• 6. Maitra A. Diseases of infancy and childhood. In: Kumar V, Abbas AK, Aster JC, eds. Robbins and Cotran pathologic basis of disease. 9th ed. Philadelphia: Elsevier Saunders, 2015;474475.

    • Search Google Scholar
    • Export Citation
  • 7. Shields JA, Shields CL. Orbital cysts of childhood—classification, clinical features, and management. Surv Ophthalmol 2004;49:281299.

    • Crossref
    • Search Google Scholar
    • Export Citation
  • 8. Lack EE. Extragonadal germ cell tumors of the head and neck region. Hum Pathol 1985;16:5664.

  • 9. Chénier S, Quesnel A, Girard C. Intracranial teratoma and dermoid cyst in a kitten. J Vet Diagn Invest 1998;10:381384.

  • 10. Van Goethem B, Bosmans T, Chiers K. Surgical resection of a mature teratoma on the head of a young cat. J Am Anim Hosp Assoc 2010;46:121126.

  • 11. Paździor K, Szweda M, Otrocka-Domagala I, et al. Extragonadal teratoma in a domestic turkey (Meleagris gallopavo domestica). Avian Pathol 2012;41:285289.

    • Crossref
    • Search Google Scholar
    • Export Citation
  • Figure 1—

    Preoperative photograph of the head of a 9-week-old male domestic shorthair cat that was evaluated because of a bulging, proliferative lesion within the left orbit that had been present since the cat was adopted at the age of 8 weeks. In the left eye, a large, tan, firm, multilobulated mass has markedly expanded the third eyelid, displacing the globe caudally and preventing closure of the eyelids. The globe and orbital mass were subsequently removed.

  • Figure 2—

    Photomicrographs of sections of the orbital mass removed from the left eye of the cat in Figure 1. The mass did not extend into the eye, and no lesions were observed within the globe. A—In the orbital mass, islands of haired skin (arrows) and bone with bone marrow (asterisk) are scattered within sheets of white and brown adipose tissue. H&E stain; bar = 2 mm. B—In a densely cellular portion of the neoplasm, nervous tissue and poorly differentiated mesenchymal tissue surround occasional islands of cartilage (asterisks) and occasional epithelium-lined cystic structures (arrow). H&E stain; bar = 3 mm.

  • Figure 3—

    Photomicrographs of multiple components of the mass and expanded portions of the third eyelid removed from the left eye of the cat in Figure 1. A—In an island of haired skin, notice the distended hair follicle containing numerous intact hair shafts. H&E stain; bar = 270 μm. B—Mineralized trabeculae of bone are lined by osteoblasts and surrounding sheets of hematopoietic cells. H&E stain; bar = 240 μm. C—Respiratory epithelium is supported by bands of smooth muscle and fibrovascular stroma. H&E stain; bar = 75 μm. D—A large number of ganglion cells are haphazardly scattered within sheets of neuropil. H&E stain; bar = 125 μm.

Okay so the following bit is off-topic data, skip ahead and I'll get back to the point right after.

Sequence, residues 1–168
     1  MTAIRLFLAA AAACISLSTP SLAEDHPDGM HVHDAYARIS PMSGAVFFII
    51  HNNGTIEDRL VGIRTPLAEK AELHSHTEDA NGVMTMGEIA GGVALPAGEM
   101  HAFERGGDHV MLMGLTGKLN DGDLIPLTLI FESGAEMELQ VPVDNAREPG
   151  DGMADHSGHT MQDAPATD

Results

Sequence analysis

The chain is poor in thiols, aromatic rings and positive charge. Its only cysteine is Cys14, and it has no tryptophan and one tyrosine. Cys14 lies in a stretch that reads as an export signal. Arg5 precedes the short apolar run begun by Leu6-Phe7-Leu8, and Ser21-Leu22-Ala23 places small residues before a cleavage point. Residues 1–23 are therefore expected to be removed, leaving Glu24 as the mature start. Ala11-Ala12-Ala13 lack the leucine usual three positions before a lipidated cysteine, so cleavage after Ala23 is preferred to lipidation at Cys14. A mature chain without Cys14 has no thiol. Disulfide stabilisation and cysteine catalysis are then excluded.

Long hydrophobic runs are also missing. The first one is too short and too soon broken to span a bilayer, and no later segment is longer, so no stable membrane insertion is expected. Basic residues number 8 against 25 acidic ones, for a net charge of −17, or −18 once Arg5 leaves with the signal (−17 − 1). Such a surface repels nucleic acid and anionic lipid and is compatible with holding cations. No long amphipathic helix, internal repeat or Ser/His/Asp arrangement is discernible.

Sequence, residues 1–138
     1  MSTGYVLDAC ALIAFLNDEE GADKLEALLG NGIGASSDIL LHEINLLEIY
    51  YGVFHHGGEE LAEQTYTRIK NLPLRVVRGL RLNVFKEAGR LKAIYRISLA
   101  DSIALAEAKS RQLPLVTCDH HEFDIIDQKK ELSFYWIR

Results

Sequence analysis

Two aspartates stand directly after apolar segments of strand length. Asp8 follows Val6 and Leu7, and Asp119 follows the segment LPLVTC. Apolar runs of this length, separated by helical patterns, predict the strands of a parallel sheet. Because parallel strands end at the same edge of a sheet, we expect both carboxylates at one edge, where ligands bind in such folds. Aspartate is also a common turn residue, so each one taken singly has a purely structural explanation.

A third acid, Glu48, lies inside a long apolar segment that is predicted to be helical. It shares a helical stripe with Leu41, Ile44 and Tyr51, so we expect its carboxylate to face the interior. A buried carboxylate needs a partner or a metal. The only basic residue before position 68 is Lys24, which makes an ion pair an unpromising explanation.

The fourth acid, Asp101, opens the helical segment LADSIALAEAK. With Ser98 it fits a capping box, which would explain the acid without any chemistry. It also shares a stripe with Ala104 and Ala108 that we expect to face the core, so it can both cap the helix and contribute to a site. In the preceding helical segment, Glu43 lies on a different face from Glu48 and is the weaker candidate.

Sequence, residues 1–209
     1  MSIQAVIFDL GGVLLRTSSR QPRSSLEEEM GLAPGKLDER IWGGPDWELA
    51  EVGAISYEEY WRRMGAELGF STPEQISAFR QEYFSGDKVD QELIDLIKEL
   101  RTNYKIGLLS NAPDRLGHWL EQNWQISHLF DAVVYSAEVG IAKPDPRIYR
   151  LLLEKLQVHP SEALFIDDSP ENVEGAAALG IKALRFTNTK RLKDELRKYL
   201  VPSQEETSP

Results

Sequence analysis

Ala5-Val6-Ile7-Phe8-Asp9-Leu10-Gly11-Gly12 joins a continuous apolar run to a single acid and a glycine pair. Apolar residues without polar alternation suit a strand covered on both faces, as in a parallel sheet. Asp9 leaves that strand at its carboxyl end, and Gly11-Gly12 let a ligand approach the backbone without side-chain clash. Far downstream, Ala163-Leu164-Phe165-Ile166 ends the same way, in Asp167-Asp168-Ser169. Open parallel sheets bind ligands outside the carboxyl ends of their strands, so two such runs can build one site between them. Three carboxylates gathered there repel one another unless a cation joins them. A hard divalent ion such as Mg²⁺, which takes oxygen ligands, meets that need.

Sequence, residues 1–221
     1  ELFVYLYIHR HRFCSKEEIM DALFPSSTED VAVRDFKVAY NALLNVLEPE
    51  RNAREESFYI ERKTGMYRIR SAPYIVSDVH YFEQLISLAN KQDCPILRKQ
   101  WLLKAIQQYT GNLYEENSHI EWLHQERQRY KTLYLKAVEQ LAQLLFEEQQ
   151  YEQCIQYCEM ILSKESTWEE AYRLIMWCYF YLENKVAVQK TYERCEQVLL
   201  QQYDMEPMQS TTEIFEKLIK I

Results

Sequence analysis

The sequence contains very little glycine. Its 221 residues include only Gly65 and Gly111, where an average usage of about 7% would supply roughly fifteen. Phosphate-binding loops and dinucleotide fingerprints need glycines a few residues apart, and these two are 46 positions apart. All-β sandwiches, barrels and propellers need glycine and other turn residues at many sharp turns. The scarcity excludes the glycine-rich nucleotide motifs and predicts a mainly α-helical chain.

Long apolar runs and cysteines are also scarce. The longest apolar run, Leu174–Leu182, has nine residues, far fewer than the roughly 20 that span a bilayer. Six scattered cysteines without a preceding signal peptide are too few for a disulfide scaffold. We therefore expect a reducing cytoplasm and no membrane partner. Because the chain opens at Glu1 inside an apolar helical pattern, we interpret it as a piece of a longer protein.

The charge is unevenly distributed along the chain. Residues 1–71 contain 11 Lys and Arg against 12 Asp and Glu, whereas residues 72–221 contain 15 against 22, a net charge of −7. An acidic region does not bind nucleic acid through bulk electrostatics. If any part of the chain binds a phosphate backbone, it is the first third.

• 1. Foster RA. Male genital system. In: Maxie MG, ed. Jubb, Kennedy, and Palmer's pathology of domestic animals. Vol 3. 6th ed. Philadelphia: Elsevier Saunders, 2016; 465510.

    • Search Google Scholar
    • Export Citation
  • 2. Schlafer DH, Foster RA. Female genital system. In: Maxie MG, ed. Jubb, Kennedy, and Palmer's pathology of domestic animals. Vol 3. 6th ed. Philadelphia: Elsevier Saunders, 2016;358464.

    • Search Google Scholar
    • Export Citation
  • 3. Alkatan HM, Chaudhry I, Alayoubi A. Mature teratoma presenting as orbital cellulitis in a 5-month-old baby. Ann Saudi Med 2013;33:623626.

  • 4. Wray JD, Doust RT, McConnell F, et al. Retrobulbar teratoma causing exophthalmos in a cat. J Feline Med Surg 2008;10:175180.

  • 5. Ellenson LH, Pirog EC. The female genital system. In: Kumar V, Abbas AK, Aster JC, eds. Robbins and Cotran pathologic basis of disease. 9th ed. Philadelphia: Elsevier Saunders, 2015;9911042.

    • Search Google Scholar
    • Export Citation
  • 6. Maitra A. Diseases of infancy and childhood. In: Kumar V, Abbas AK, Aster JC, eds. Robbins and Cotran pathologic basis of disease. 9th ed. Philadelphia: Elsevier Saunders, 2015;474475.

    • Search Google Scholar
    • Export Citation
  • 7. Shields JA, Shields CL. Orbital cysts of childhood—classification, clinical features, and management. Surv Ophthalmol 2004;49:281299.

    • Crossref
    • Search Google Scholar
    • Export Citation
  • 8. Lack EE. Extragonadal germ cell tumors of the head and neck region. Hum Pathol 1985;16:5664.

  • 9. Chénier S, Quesnel A, Girard C. Intracranial teratoma and dermoid cyst in a kitten. J Vet Diagn Invest 1998;10:381384.

  • 10. Van Goethem B, Bosmans T, Chiers K. Surgical resection of a mature teratoma on the head of a young cat. J Am Anim Hosp Assoc 2010;46:121126.

  • 11. Paździor K, Szweda M, Otrocka-Domagala I, et al. Extragonadal teratoma in a domestic turkey (Meleagris gallopavo domestica). Avian Pathol 2012;41:285289.

    • Crossref
    • Search Google Scholar
    • Export Citation